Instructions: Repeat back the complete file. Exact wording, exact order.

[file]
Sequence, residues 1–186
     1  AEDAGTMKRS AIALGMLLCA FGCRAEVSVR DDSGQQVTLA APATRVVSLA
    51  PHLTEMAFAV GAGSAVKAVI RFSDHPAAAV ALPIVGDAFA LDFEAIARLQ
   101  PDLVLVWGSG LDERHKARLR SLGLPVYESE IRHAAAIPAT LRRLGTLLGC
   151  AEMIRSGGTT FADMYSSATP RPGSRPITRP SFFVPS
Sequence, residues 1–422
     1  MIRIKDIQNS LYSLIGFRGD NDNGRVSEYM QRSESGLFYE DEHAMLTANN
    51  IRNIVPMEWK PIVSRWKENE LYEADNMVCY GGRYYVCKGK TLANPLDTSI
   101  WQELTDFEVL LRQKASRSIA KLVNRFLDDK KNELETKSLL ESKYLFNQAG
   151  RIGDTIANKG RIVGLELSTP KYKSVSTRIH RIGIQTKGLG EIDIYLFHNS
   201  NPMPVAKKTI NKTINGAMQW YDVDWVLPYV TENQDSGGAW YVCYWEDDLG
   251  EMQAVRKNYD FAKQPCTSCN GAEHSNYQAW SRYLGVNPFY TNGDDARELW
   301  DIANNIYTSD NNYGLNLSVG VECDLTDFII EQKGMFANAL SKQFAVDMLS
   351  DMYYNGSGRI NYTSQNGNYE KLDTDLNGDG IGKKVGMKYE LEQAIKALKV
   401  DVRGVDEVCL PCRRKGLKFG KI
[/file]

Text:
Sequence, residues 1–186
     1  AEDAGTMKRS AIALGMLLCA FGCRAEVSVR DDSGQQVTLA APATRVVSLA
    51  PHLTEMAFAV GAGSAVKAVI RFSDHPAAAV ALPIVGDAFA LDFEAIARLQ
   101  PDLVLVWGSG LDERHKARLR SLGLPVYESE IRHAAAIPAT LRRLGTLLGC
   151  AEMIRSGGTT FADMYSSATP RPGSRPITRP SFFVPS
Sequence, residues 1–422
     1  MIRIKDIQNS LYSLIGFRGD NDNGRVSEYM QRSESGLFYE DEHAMLTANN
    51  IRNIVPMEWK PIVSRWKENE LYEADNMVCY GGRYYVCKGK TLANPLDTSI
   101  WQELTDFEVL LRQKASRSIA KLVNRFLDDK KNELETKSLL ESKYLFNQAG
   151  RIGDTIANKG RIVGLELSTP KYKSVSTRIH RIGIQTKGLG EIDIYLFHNS
   201  NPMPVAKKTI NKTINGAMQW YDVDWVLPYV TENQDSGGAW YVCYWEDDLG
   251  EMQAVRKNYD FAKQPCTSCN GAEHSNYQAW SRYLGVNPFY TNGDDARELW
   301  DIANNIYTSD NNYGLNLSVG VECDLTDFII EQKGMFANAL SKQFAVDMLS
   351  DMYYNGSGRI NYTSQNGNYE KLDTDLNGDG IGKKVGMKYE LEQAIKALKV
   401  DVRGVDEVCL PCRRKGLKFG KI